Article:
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Album Review: Savages – Adore Life

4 min read

The difference between Adore Life and Savages’ previous album Silence Yourself, is very well illustrated by their respective cover artworks. The artwork for Silence Yourself is a sepia-toned photo of the band standing before a black background, expressing both Savages’ indebtedness to vintage sounds (Joy Division and Siouxsie and the Banshees are both major touchstones for that album) and the darkness the album demonstrated sonically, with its reverbed spaces and muffled recordings. The striking ringed fist over a stark backdrop that covers Adore Life however, shows just how dramatic an evolution the band has undergone since 2013, not only have they become more aggressive and confident, but they’ve become willing to step into the light.

Savages Adore LifeWhilst the most common criticism of Silence Yourself was that it drew from a very small group of influences, the styles that make up Adore Life are vast. Just in the pre-release singles the band has covered stoner-punk (The Answer), post-rock (Adore), and something akin to thrash metal (T.I.W.Y.G.). Some tracks cover more familiar territory, such as Evil and Sad Person, but they’re recorded and played with such ferocity that they feel strikingly different from their previous work. Part of the credit must go to producer (and partner of singer Jenny Beth) Johnny Hostile, whose decision to record each band member separately has paid dividends, as the entire album sounds pristine and pummelling, from the way the bass notes fill the space on Adore, to the way the snare rolls at the climax of Evil almost sound like machine-gun fire. But nevertheless, it’s the songwriting and performances that make this album as spectacular as it is.

Since the release of Silence Yourself, Jenny Beth has mentioned how she’d opened up to genres like grindcore and death metal, and that’s evidently been a big influence on the sound of the album. From the blast-beat drums that thunder through the chorus of T.I.W.Y.G., to the washes of fuzzed out guitar that splay themselves over the slower, more tense songs, the album is much more aggressive, and simply louder than their previous work. Beth also mentioned that the band’s work on the album didn’t coalesce until after seeing Swans perform live, and their spectre does hover over the album. The layering and density of the guitars achieves a sonic cacophony that recalls To Be Kind, and it gives the songs a sense of real power and gravitas that hasn’t existed in their work before.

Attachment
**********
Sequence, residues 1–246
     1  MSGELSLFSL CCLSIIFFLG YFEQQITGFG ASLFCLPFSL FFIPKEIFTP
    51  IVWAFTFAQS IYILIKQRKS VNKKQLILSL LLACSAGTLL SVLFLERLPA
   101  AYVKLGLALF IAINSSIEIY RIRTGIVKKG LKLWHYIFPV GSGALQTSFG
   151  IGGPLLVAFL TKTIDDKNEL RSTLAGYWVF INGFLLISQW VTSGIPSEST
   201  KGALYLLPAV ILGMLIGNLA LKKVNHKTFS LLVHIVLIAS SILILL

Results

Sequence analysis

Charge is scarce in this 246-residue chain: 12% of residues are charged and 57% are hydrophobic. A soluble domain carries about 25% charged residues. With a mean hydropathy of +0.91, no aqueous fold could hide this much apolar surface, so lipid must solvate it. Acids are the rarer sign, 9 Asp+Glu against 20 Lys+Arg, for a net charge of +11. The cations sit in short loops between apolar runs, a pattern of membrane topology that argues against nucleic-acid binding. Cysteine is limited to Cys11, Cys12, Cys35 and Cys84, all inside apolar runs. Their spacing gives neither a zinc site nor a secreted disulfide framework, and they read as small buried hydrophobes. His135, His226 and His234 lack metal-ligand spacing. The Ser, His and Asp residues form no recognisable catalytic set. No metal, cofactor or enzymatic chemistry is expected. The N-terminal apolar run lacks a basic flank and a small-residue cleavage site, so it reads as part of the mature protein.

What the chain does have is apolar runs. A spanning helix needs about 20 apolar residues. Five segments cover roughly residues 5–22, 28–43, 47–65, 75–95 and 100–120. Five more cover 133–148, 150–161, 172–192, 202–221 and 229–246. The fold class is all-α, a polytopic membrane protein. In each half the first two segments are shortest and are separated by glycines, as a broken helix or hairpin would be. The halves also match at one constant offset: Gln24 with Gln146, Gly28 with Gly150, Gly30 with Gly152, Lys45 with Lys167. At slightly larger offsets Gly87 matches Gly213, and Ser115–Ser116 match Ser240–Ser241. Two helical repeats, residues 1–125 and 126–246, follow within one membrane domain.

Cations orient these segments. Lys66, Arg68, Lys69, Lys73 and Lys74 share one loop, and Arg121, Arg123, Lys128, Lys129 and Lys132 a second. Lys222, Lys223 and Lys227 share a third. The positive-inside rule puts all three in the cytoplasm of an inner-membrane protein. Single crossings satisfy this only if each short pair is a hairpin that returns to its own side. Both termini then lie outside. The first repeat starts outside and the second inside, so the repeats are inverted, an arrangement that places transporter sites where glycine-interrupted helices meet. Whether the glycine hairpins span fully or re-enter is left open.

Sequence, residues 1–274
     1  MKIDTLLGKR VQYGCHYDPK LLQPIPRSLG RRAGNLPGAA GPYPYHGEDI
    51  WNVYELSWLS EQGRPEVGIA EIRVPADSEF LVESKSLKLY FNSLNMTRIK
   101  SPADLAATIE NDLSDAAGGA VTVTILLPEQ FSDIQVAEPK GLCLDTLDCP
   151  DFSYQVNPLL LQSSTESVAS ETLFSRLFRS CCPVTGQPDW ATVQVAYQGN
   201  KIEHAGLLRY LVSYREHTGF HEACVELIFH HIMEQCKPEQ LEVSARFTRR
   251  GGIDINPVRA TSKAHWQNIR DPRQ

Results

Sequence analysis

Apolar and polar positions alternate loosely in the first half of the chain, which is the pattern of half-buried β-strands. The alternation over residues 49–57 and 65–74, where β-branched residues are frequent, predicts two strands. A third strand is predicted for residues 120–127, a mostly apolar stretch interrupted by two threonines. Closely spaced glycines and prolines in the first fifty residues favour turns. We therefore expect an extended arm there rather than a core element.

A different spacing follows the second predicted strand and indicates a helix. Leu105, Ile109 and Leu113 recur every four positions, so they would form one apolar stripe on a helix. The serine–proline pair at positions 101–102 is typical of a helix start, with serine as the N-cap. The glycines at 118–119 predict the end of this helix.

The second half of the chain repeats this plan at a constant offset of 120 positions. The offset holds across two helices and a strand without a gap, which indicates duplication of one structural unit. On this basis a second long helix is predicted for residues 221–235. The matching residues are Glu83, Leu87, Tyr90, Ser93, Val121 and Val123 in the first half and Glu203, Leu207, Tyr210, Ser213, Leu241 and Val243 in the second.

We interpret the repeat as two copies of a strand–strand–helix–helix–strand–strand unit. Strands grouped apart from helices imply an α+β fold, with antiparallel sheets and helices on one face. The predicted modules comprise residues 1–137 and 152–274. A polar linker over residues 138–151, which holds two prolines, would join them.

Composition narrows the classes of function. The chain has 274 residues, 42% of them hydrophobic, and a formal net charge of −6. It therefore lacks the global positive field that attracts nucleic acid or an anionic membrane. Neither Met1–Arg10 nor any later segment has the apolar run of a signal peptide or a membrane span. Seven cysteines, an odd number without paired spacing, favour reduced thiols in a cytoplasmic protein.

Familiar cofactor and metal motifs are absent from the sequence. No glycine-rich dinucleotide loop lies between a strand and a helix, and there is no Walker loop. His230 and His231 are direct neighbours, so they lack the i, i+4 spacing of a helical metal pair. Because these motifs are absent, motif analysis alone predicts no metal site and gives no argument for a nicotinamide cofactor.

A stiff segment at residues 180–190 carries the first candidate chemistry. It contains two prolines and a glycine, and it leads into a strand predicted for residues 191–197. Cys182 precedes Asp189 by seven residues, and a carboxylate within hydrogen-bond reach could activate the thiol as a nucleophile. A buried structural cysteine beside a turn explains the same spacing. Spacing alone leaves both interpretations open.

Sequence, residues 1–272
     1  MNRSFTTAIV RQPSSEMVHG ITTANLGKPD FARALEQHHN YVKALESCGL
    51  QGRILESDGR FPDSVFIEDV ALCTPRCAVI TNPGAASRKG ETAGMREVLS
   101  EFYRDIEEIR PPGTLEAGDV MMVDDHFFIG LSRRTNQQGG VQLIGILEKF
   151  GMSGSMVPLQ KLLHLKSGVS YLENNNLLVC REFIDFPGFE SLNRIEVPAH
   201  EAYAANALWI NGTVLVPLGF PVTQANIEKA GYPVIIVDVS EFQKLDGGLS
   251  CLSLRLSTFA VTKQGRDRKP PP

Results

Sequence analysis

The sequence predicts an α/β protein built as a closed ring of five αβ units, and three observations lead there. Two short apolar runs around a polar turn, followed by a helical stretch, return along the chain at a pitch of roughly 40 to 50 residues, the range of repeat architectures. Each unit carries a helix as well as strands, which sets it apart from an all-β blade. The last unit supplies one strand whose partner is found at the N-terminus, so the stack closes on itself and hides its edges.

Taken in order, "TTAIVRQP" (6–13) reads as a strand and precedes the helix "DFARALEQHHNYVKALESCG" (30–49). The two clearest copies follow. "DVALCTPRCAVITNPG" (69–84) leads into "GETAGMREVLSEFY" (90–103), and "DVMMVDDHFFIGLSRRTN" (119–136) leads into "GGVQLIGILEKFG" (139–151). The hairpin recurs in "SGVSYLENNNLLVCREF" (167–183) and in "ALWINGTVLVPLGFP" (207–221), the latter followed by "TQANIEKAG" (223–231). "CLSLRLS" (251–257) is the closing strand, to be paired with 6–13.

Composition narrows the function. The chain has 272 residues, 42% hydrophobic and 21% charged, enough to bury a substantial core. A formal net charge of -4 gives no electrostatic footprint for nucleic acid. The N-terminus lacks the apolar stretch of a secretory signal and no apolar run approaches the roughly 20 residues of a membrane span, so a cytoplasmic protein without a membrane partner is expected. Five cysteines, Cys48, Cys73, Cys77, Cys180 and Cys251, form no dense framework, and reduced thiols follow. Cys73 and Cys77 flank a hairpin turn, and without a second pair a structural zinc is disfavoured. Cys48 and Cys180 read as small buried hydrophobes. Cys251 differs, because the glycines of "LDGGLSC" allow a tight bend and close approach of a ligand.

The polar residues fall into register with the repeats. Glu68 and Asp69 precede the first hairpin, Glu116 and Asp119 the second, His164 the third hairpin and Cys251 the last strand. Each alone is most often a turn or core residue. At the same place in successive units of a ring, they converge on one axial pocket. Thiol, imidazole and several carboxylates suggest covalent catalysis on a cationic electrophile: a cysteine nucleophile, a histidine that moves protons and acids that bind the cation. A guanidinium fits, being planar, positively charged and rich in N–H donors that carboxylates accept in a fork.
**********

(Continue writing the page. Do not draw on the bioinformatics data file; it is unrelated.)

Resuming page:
Whilst the instrumentation and production work on the album is phenomenal, it’s the lyricism and themes that make it a truly exceptional one. Instead of the aggressive feminist mantras and dissections of relationships that filled Silence Yourself, Adore Life is something more optimistic. The album is a celebration of love and life, and a stirring call-to-arms for people to embrace action and confidence. It’s an album that deals with very grandiose themes, and it pulls them off perfectly. Some tracks are about embracing the concept of love, warts and all (The Answer, When In Love, T.I.W.Y.G.) – “love is the answer / I’ll go insane”. Where previously their songs would have been about Beth’s doubts, these ones are about casting them off – “what is the point / to cry for life / to cry about love”. The lyrics take the sounds of the album, and spin them in an entirely different direction. Instead of using the album’s metal signifiers to express aggression, Beth uses them to champion a cause for positivity, and transcend the trappings of the metal and post-punk artists Savages draw from.

Adore, is appropriately the centrepiece of Adore Life, encapsulating the themes of the album, and then making them specific and pointed. Over a sludgy bass line and reverbed guitar plucking, Beth sings – “is it human to ask for more / is it human to adore life?”. She reflects on her own sadness in the verses – “if only I’d lived beyond regret / I wouldn’t feel guilt for what I take” – before before moving into a chorus that invokes Freddie Mercury of all people, and sings the refrain that reads like a thesis for the album – “maybe I will die, maybe tomorrow, so I need to say / I adore life”. Then, midway through the song, the band begins to build towards a climax, adding thudding, militaristic 4/4 drums, waves of distorted guitar and echo as Beth turns her refrain into a challenge – “I adore life / Do you adore life?”. When she shifts her voice up an octave to sing the climactic lines in falsetto, it’s a perfect moment of cohesion between sound and theme that speaks to the growth the band have shown since their debut.

Adore Life is just about as assured a second album as one can expect from a band that debuted so confidently. It takes their sound and themes in an exciting new direction, and there’s not a song out of place. From the tense and building first half, to the explosive release of tracks 6 through 9, the pacing is impeccable. This album shows Savages letting their sound become both more aggressive and more pristine, and using Beth’s authoritative tones for a new and refreshing purpose. Adore Life is a thrilling, powerful journey that should be heard by as many people as possible.